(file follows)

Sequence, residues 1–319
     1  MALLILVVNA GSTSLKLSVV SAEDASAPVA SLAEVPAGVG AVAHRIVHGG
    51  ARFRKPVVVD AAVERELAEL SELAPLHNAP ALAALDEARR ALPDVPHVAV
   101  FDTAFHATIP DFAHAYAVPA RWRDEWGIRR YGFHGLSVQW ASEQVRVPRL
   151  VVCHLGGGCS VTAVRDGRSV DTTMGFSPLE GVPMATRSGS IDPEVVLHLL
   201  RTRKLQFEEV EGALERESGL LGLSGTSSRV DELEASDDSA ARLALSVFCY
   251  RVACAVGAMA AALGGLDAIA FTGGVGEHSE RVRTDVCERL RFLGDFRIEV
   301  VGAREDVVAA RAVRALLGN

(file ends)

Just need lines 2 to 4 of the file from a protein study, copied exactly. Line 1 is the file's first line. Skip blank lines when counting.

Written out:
     1  MALLILVVNA GSTSLKLSVV SAEDASAPVA SLAEVPAGVG AVAHRIVHGG
    51  ARFRKPVVVD AAVERELAEL SELAPLHNAP ALAALDEARR ALPDVPHVAV
   101  FDTAFHATIP DFAHAYAVPA RWRDEWGIRR YGFHGLSVQW ASEQVRVPRL